Zarya - Soviet, Russian and International Spaceflight
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Voskhod 1 - Multiple Seater


Scarborough, UK
2014 Oct 23
Thursday, Day 296

Maintained by:











Vladimir Komarov

Voskhod 1 Commander: Colonel Vladimir Mikhailovich Komarov, Soviet Air Force, age 37

Vladimir KomarovKomarov grew up in an old house in Third Meshchanskaya Street in a district typical of old Moscow and his childhood was typical for the boys of his generation. At school Volodya got good marks, he was fond of mathematics but despised writing compositions.

When the war broke out, Volodya was in the village where he usually spent summer. There he stayed. There for the first time he earned his living working on a collective farm. In the grim war years, boys did a man"s job.

Long afterwards Komarov recalled: "Though I fly jet planes I pride myself on being able to harness a horse".

Volodya soon returned to Moscow. After finishing the seven-year school he entered a special air force school. In these schools (they were disbanded after the war) the pupils studied geometry and zoology, a foreign language and physics and also the ABCs of flying.

Volodya"s mother knew nothing about her son"s plans until he came home one day in uniform with shoulder straps on his shirt.

Graduation day coincided with Victory Day. His mother said timidly: "The war is over, son, perhaps, you don"t have to fly any more?" But he was already in love with the sky, his heart was set on becoming a test pilot. His mother sighed:

"You know better I suppose. Only be sure you don"t fly too fast or too high. So that nothing will happen". Volodya didn"t argue He knew he would be flying at high speeds and at high altitudes.

Two schools of aviation - one in Borisoglebsk and the other in Bataisk - brought Komarov closer to his goal. He was now a fighter pilot but he kept on studying. He was set on being a test pilot and that required knowledge of engineering.

Komarov returned to Moscow and entered the Air Force Academy. With housing still a problem, he and his family - wife and son - went to live with his father. The ink-stained desk, the reading lamp - they were still there to bring back memories of his childhood.

In 1959 Vladimir Komarov graduated from the Air Force Academy and left for his unit.

One day he received a telegram urgently recalling him to Moscow. There followed three weeks of rigid medical check-ups. The slightest flaw in his health was reason enough to be taken off the list. But his health was excellent and he was accepted as an aspiring astronaut. His studies started all over again. At the very first lecture the teacher drew a picture of the Earth and around it, a concentric circle showing the orbit of an artificial satellite. The other fellows in the room - still strangers to him were noticeably younger. They were Gagarin, Titov, Popovich, Bykoysky.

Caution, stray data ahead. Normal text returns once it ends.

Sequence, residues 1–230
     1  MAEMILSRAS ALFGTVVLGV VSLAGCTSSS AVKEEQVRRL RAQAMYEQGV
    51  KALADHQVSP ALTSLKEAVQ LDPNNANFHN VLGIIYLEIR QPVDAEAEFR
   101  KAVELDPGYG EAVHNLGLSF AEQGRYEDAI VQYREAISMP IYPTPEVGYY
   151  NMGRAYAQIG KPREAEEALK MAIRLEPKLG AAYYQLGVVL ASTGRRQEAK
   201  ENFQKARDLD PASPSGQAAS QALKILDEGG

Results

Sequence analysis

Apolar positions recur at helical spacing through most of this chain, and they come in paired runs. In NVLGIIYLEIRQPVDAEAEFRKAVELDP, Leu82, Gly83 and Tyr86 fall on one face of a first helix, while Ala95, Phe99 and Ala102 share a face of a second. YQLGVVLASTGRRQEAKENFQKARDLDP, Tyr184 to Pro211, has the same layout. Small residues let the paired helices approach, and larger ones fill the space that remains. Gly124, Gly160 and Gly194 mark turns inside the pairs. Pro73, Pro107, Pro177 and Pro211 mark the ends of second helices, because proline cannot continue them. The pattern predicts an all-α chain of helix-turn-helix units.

Yuri Gagarin made the first circuit around the planet. The others were getting ready, but not Komarov. He had undergone an operation. From the hospital came the doctors" orders - no overloads, no parachute jumps for the next six months.

"If that"s the case, I"ll concentrate on theory" Komarov said.

"What about your special training?" the chief of the astronaut detachment asked. "You"ll fall behind".

"I"ll catch up" Komarov said doggedly.

They were sceptical. The orders were a "minimum of six months". It could be longer.

His comrades whirled around in the centrifuge, they disappeared behind the heavy doors of the isolation chamber. Komarov looked on, a passive observer.

One day, after another medical check-up, he was told he could start training in the centrifuge. He soon showed he had meant what he said about catching up. He was now a full fledged astronaut and his recovery had taken five months, not six. Everything seemed to be going well, he was already acting as standby for Popovich, when suddenly the doctors came up with another staggering announcement: Discharge.

During a regular workout in the centrifuge the doctors had detected an "extra-systole" in his cardiogram. Ordinarily this disturbance of the heartbeat has practically no ill effects. To an astronaut, in the opinion of the doctors, it meant an end to his career.

>Komarov was taken off training He did not go with the others to the cosmodrome to see off Valentina Tereshkova and Valery Bykovsky. Matters were moving towards an official order for his discharge.

It was a blow that might have discouraged others, but not Komarov. He proceeded to prove that he was physically fit. After a rigid examination in hospital conditions, he was pronounced fit, except for that accursed extra-systole. It haunted the doctors and they couldn"t bring themselves to say "Yes".

So Komarov appealed first to one, then to another top scientist. The command held a top level council. The decision was Komarov could be sent up into space.
Copyright © Robert Christy, all rights reserved
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